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Autoimmune disease has been an ever-increasing category of illness that includes thyroid disease, rheumatoid arthritis, celiac disease, type-1 diabetes, lupus and multiple sclerosis. Since the 1970s the incidence of these disorders has more than tripled. And while conventional medicine has continued to claim that their origin is unknown, research is finding a strong correlation with diet and the health of our gut.
If spread flat, the lining of the small intestine is the size of a tennis court! The surface of this "court" is a single layer of cells whose responsibility it is to both absorb nutrients and block undigested proteins from finding their way into the body. If this latter function is compromised--a condition known as "Leaky Gut Syndrome"--large, partially digested food proteins will be targeted by the cells of the immune system. The result can be a hyperactive immune state characterized by an increase in inflammation with the potential for self-recognition (i.e. autoimmune disease).

Under healthy circumstances it is the mission of the immune system to target invasion by bacteria and viruses as well as to seek and destroy our own cells that have become abnormal, such as with cancer. However, if the immune system becomes dysregulated--a secondary manifestation of Leaky Gut Syndrome--it may in some individuals target their own healthy tissue. This is the very essence of autoimmune disease and has its origin in the gut.

Some foods have been shown to be correlated with the development of Leaky Gut and the subsequent manifestation of autoimmune disease. Gluten, a protein found in wheat, rye and barley will cause celiac disease in susceptible persons. It has long been held that few individuals have this disease. In fact, few persons do have it; however, no one seems to tolerate gluten well because it is difficult to digest and it is effective in causing Leaky Gut. Furthermore, a high carbohydrate/sugar diet, including wheat and other grains, supports intestinal bacteria that also damage the intestinal barrier compromising its selective permeability.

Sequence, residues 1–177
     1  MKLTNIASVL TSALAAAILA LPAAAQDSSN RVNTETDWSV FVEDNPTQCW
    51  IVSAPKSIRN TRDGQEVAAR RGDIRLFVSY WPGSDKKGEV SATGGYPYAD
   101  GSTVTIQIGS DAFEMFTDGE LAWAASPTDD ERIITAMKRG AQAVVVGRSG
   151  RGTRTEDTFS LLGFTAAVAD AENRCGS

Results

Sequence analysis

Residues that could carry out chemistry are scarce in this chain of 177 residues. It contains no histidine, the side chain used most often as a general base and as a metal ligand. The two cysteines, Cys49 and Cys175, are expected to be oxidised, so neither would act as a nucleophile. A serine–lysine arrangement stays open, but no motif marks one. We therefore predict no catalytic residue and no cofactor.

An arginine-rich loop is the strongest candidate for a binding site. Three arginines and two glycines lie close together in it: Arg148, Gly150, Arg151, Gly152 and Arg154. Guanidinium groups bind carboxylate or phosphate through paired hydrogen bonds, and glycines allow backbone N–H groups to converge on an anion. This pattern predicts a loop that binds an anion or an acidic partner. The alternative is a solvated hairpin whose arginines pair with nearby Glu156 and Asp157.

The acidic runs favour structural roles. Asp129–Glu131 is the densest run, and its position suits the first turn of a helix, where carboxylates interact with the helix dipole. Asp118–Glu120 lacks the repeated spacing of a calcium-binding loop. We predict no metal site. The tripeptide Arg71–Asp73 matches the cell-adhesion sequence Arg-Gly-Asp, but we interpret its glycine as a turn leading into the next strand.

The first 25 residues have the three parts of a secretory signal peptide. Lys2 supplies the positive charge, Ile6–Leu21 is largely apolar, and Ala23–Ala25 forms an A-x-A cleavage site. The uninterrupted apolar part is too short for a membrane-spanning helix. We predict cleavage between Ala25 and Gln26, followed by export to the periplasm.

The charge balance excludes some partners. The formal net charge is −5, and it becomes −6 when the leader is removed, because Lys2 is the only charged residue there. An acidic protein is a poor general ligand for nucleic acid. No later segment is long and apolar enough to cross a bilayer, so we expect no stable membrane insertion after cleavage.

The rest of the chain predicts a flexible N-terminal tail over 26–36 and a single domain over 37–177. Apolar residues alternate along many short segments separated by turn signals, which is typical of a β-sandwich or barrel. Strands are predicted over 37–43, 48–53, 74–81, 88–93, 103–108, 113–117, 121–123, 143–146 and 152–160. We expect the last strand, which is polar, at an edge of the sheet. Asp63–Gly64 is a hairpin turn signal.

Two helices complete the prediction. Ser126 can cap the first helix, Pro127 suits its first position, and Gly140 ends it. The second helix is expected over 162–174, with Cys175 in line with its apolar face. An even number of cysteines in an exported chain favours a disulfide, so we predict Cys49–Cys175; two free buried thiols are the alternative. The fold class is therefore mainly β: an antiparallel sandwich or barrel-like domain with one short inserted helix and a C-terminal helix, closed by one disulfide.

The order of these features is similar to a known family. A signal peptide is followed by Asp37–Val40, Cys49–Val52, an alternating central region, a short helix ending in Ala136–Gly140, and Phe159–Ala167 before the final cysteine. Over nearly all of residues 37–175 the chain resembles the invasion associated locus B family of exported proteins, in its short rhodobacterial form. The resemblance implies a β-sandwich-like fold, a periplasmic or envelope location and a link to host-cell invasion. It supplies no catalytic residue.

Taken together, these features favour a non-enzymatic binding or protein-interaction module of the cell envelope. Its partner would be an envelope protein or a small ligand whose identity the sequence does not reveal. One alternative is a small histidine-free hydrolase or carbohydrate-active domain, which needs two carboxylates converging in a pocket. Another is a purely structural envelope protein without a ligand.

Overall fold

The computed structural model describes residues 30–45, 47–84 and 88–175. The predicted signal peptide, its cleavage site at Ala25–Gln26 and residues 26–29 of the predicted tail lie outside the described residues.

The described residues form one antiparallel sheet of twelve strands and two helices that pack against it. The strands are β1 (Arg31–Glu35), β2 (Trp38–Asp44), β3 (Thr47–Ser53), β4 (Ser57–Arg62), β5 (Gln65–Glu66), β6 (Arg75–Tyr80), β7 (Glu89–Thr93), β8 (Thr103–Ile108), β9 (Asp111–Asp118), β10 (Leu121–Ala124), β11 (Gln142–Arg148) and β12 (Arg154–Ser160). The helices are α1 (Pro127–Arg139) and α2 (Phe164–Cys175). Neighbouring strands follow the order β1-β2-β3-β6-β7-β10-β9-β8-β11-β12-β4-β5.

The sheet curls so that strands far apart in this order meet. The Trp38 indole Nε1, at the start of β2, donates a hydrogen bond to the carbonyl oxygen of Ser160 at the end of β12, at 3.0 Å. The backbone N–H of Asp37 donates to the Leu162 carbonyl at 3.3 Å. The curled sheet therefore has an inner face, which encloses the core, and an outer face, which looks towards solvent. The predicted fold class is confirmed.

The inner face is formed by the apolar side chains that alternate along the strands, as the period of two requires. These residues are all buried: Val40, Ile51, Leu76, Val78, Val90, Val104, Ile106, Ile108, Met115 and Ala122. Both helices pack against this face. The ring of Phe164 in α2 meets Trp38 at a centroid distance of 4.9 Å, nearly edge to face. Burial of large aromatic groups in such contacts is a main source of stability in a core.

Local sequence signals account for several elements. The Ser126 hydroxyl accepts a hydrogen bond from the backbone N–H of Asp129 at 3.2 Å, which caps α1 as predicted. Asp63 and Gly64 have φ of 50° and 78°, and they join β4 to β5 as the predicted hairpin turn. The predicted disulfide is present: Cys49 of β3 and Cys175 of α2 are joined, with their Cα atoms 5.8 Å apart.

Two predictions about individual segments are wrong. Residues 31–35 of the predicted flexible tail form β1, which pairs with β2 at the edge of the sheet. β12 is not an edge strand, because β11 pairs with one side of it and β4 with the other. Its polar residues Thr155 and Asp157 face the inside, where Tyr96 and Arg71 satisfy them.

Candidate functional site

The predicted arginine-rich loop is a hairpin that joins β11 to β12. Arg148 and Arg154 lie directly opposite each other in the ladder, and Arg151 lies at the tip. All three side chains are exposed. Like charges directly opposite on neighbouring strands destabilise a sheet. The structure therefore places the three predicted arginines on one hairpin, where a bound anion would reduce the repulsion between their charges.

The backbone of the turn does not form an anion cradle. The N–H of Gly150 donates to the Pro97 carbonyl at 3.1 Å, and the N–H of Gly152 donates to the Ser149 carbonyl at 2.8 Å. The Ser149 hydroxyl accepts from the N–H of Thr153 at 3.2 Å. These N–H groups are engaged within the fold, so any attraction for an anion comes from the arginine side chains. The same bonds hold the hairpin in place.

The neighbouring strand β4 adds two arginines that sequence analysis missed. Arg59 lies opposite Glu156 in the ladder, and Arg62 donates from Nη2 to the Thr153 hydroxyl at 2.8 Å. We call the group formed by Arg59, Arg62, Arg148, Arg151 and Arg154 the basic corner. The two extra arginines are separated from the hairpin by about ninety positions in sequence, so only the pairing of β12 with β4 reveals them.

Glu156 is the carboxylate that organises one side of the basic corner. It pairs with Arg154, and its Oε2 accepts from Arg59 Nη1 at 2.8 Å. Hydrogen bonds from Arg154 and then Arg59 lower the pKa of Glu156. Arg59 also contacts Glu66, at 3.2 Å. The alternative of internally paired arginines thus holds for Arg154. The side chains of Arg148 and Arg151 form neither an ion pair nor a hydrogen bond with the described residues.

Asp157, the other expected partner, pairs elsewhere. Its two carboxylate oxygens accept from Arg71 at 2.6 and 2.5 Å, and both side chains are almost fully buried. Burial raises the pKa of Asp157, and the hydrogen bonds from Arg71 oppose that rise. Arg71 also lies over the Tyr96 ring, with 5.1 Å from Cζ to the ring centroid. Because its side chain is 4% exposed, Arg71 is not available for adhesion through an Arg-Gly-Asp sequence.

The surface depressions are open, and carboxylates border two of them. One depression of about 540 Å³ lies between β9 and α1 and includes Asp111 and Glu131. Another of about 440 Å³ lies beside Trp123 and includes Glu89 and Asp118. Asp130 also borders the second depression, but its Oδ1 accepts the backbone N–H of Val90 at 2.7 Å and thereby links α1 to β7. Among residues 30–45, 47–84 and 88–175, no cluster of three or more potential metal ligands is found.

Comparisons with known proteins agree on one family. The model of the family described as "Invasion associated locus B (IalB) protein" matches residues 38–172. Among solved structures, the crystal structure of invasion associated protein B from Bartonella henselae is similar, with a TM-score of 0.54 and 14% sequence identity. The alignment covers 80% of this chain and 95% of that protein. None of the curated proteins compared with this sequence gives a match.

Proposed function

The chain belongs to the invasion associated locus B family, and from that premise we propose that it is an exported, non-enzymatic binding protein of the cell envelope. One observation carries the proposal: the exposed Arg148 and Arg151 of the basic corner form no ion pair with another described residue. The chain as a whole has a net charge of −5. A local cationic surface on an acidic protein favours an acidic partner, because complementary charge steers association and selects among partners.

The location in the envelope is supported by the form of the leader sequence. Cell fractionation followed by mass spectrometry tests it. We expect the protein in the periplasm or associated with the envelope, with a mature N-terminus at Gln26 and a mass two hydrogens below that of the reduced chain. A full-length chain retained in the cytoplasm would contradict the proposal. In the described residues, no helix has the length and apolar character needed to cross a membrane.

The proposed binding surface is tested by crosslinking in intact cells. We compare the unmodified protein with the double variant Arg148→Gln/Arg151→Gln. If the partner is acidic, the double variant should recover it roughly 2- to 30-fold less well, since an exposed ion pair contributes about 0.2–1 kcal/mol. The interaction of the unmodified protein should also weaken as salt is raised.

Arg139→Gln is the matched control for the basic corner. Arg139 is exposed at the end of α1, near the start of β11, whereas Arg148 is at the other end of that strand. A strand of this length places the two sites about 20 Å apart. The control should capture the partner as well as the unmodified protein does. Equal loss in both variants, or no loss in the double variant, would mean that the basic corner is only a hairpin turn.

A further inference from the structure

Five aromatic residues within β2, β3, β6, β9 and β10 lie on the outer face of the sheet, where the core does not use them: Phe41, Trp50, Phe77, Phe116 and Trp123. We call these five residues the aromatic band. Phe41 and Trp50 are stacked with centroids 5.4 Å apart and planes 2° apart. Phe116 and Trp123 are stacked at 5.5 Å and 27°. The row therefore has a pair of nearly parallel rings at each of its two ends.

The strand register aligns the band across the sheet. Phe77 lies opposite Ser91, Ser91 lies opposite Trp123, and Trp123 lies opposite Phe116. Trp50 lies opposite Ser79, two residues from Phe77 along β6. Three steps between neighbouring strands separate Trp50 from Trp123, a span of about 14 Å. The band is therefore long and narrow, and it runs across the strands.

Known as the microbiota, the entire population of gut bacteria is a cornerstone of health. There are bacteria that improve our health and there are those that compromise it. The type of food that we provide for our intestinal comrades is as important to them as it is to our own human cells (think on that the next time you eat)! As previously stated, high-sugar/high-starch diets support "bad" bacteria (this includes high fiber "whole" grains!) while most vegetables sustain "good" bacteria.

To summarize, the food that we eat determines the types of bacteria that dominate our intestinal tract. Healthy bacteria maintain the selectively permeable nature of the intestinal wall. When the gut becomes "leaky", partially digested proteins pass through the wall only to be treated as foreign invaders by the immune system. Gluten is notorious for this phenomenon because it is difficult to fully break down into amino acids. Once "war" is declared, the immune system becomes aggressive and may attack a person's own tissue as per their genetic susceptibility. In other words, an autoimmune disease requires a triad to occur: environmental trigger, susceptibility genes and a gut abnormality. Successful treatment of autoimmune diseases must focus on eliminating environmental triggers and the healing of the gut.